Meet the deep-sea ghost shark, a mysterious creature you have never seen before! Although this species has been around for at least 300 million years (earlier than dinosaurs), this is probably the first time they were caught on camera. In the sensational video, we get a close-up of this absent-eyed, strangely pale and wing-finned fish also known as chimaera.
When the Monterey Bay Aquarium Research Institute in California deployed a remotely operated vehicle (ROV) in waters as deep as 6,700 feet near California and Hawaii, they didn’t expect to see the ghost shark. “The guys doing the video were actually geologists,” Dave Ebert from the Institude told National Geographic. “Normally, people probably wouldn’t have been looking around in this area, so it’s a little bit of dumb luck.”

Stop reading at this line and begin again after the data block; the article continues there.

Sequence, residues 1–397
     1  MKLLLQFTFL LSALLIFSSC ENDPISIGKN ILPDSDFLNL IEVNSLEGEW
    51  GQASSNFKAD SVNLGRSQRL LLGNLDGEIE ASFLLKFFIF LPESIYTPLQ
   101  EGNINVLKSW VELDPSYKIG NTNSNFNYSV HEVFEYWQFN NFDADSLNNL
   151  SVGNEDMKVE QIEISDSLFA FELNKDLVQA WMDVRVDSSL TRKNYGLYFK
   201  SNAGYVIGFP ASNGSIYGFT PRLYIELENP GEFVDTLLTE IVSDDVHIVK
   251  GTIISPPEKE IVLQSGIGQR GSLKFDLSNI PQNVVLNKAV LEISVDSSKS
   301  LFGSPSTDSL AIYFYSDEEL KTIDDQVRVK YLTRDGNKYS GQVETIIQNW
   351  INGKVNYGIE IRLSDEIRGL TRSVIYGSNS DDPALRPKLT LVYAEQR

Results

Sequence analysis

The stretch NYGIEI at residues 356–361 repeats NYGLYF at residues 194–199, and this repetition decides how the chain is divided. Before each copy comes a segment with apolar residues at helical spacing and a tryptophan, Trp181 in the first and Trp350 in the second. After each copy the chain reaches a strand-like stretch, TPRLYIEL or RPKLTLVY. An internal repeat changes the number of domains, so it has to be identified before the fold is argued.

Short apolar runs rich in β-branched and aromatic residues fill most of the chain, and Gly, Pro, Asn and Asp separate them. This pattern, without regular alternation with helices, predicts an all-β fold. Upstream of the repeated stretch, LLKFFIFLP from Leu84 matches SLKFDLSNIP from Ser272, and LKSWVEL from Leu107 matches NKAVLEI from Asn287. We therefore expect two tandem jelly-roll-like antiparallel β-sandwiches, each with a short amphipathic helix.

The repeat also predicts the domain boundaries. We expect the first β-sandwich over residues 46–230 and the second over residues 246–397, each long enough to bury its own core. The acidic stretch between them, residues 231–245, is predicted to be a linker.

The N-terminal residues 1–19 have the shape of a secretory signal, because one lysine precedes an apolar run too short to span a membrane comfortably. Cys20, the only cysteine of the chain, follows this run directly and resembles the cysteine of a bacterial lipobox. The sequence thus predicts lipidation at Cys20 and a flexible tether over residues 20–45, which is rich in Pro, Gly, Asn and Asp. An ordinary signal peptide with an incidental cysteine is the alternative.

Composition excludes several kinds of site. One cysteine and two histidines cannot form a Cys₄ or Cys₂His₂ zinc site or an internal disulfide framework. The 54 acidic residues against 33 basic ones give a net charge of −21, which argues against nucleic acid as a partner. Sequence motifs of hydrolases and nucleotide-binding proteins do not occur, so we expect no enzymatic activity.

The pointy-nose blue chimaera is usually found near Australia and New Zealand, and this is the first time it was spotted in the Northern hemisphere. Interestingly, this particular species has a retractable sex organ on their heads and little dots that work as sensory canals that help them navigate their next meal.
The ghost shark wasn’t shy in front of the camera: “It’s almost a little comical… It would come up and bounce its nose off the lens and swim around and come back.” With the help of technology, we can only wonder what other creatures we will be able to say ‘hello’ to in the years to come.